I am very blessed to have loving parents. They supported me throughout my childhood and made sure to give me the best possible chance at a great life. They came to all of my school shows, gave my friends snacks when they came over to play games and didn’t laugh at me when I needed help straightening my emo fringe - at least not to my face, anyway.
When it came to emotional support, however, that was very much left to my mum. She chose to stay at home and look after my brother and me, so my dad worked long hard shifts to both pay the bills and support my ever-expanding arsenal of extra-curricular activities, ranging from badminton to ballet. When it came to conversation, Dad and I would mostly speak about three things: football, politics (the less said about that the better) and beer. Everything else - troubles at school, the trials of being a teenager etc - was left to my mum.
This all changed in 2017, when my grandad started losing his battle with cancer.
Leopold Weber, affectionately called Leo, moved to the UK from Austria in the 1950s and worked in the same hotel in my small town for over 50 years. He was an incredibly kind and well-kept man who was abnormally strong for his age, but when he was diagnosed with Stage-4 bowel cancer, things were never the same. That once-mighty man was now being hollowed out by this vicious disease, and it started taking its toll on the family. At the same time, I was personally suffering; I had just left university, quit a guaranteed job in pursuit of a failing music career and was haemorrhaging money.
Tensions were high, with my increasingly erratic mood clashing against my family who were trying to keep the severity of my grandad’s illness away from my fragility. I broke. At this point, my dad broke our three topic discussion rule and asked me a simple question: "Fancy a game of Schnapsen?"
Schnapsen is Austria’s national card game, beloved by families across the country. Unlike most card games you play with your grandparents, Schnapsen is less about the luck of the draw and more about outsmarting the person opposite you. When given your first hand of five cards, you have to take your time to think about how your opponent would counter your moves, rather like chess.
Cards are played one at a time, similarly to Uno, so a player needs to think as much about what their opponent could be holding as their own cards, in case a card can be beaten with a higher-value play. There are some unique tricks players can deploy, such as showing a King and Ober (Queen) together for an instant 20 card points (or 40 if the pair are in the predetermined trump suit), but these plays come with perils. Once you show a pair, you have to always place the King down. If your opponent wins that hand, and you haven’t yet taken a trick, not only does your mound of card points mean nothing, but your opponent now has a better idea of the cards you’re holding.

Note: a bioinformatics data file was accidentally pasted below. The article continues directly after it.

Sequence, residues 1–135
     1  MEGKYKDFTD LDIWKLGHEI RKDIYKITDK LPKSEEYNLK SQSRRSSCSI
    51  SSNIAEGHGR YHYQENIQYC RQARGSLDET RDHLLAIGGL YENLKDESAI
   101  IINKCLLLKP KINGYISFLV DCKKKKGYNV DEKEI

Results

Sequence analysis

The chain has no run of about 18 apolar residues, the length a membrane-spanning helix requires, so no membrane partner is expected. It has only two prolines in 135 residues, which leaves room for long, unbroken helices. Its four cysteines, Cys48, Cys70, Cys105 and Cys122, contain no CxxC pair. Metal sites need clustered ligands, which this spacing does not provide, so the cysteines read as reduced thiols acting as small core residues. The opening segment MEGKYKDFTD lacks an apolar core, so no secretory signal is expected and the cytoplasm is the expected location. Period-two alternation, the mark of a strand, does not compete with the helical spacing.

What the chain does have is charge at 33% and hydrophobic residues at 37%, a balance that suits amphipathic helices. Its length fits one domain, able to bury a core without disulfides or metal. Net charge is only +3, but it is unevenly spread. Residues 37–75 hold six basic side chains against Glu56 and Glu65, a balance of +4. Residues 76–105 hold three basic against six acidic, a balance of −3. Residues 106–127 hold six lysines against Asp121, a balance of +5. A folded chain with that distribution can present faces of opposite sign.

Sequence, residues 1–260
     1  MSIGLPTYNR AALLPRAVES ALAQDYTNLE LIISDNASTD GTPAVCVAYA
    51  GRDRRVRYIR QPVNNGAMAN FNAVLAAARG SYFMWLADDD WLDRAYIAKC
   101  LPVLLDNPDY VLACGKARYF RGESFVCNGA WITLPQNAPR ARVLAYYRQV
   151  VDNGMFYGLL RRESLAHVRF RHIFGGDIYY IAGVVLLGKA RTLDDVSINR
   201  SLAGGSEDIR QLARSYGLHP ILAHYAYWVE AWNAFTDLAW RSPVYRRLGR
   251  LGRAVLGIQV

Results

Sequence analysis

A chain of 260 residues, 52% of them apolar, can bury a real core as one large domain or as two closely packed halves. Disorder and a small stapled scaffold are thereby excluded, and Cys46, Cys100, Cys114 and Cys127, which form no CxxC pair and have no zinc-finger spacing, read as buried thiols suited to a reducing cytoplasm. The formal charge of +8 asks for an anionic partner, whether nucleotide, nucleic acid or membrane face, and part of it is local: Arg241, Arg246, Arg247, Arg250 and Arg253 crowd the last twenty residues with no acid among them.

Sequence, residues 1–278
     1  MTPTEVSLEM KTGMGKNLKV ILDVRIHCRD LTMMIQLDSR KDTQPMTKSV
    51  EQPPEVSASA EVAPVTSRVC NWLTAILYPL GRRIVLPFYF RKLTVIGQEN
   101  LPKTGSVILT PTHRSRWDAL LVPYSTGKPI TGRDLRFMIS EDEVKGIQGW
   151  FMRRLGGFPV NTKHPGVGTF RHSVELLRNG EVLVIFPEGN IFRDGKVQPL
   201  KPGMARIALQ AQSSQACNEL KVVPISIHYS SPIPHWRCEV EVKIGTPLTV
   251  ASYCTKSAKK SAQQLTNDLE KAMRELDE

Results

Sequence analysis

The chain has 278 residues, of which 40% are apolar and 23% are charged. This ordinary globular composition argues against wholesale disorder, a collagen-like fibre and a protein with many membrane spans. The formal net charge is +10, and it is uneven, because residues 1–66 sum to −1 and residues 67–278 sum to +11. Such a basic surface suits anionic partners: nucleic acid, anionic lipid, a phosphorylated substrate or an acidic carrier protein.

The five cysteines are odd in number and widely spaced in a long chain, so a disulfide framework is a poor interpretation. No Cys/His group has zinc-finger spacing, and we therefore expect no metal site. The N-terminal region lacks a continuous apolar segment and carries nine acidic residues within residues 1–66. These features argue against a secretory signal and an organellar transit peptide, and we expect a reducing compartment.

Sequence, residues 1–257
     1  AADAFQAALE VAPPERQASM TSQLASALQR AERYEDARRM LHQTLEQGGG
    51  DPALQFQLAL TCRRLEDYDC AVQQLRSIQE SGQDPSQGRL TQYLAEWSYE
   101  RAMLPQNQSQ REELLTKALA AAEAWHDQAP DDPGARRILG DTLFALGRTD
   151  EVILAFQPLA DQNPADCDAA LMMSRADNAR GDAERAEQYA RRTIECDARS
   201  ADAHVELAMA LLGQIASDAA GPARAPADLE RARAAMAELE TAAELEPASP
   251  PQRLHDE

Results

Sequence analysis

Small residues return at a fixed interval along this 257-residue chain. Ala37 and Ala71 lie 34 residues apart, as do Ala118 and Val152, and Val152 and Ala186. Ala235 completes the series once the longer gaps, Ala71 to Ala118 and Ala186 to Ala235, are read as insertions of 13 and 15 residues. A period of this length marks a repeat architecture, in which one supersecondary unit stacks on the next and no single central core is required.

Schnapsen is less about the luck of the draw and more about outsmarting the person opposite you.
This is the position I find myself in constantly when playing against my dad, who is a more cerebral player compared to my aggressive approach. For every 40 card-point start I would flash confidently like an idiot, he would smirk and instantly counter. However, when he sat on a high card waiting for the right moment, I would usually attack his position and force him out of his strategy. With such a limited card pool, games happen at a lightning pace. It is this blend of strategy, dynamism and constant ebb and flow that makes Schnapsen so magnetic.
And so my dad and I ventured forth to the nearest Wetherspoons, sat down with a pint and started a game. The trump card is revealed: a Ten of Acorns. I notice immediately I’m holding the Ober and King of Acorns, which played together are an instant 40 points as long as I can take a trick. Sorted. I flex my muscles, show both cards and place the King onto the table, thinking there’s no way he can win this trick. My dad flashes a wry smile and places a Deuce atop my Ober. Shit. My 40 points don’t count and my dad is up by 14. Now he’s purring. He flashes an Ober and King of Leaves for an instant 20 points (as Leaves aren’t the trump suit) and places the King. Though I have a trump card, I am also holding the Unter of Leaves - which I have to play even though it’s a losing hand. My dad is now up by 40 points. It’s panic stations. Thankfully, he places a cocky Ten of Bells which I counter with the Deuce. Not only do I gain a lofty 21 points, but my previous 40 now count; I am sitting pretty on 61 points. I take the next trick and win the first game point. A rollercoaster of emotions in just under two minutes.
The games flowed easily, with the points passing evenly between us. This was never the case when we played against my grandad, who would always annihilate both of us. It was the game he taught my dad, who then taught me, after all.
Schnapsen acted not as a distraction to painful conversations, but as a bridge to help us open up to one another in a way that wouldn’t normally be possible.
Once we fell into the rhythm of the game, decisions started to become instinctive. This freed our minds. This is when my dad opened up about the severity of Grandad’s illness, and I about the hopelessness I was feeling. Schnapsen acted not as a distraction to painful conversations, but as a bridge to help us open up to one another in a way that wouldn’t normally be possible. I was told stories about Grandad I had never heard before; how loved he was, how respected he was. The story of a brilliant man’s life.
Leo passed away peacefully not long after this conversation. Once we moved past the formalities of grief, my dad and I ventured back to that run-down Wetherspoons to play a game of Schnapsen, sharing more stories of the man who left us the greatest possible gifts: a highly addictive Austrian card game, and each other.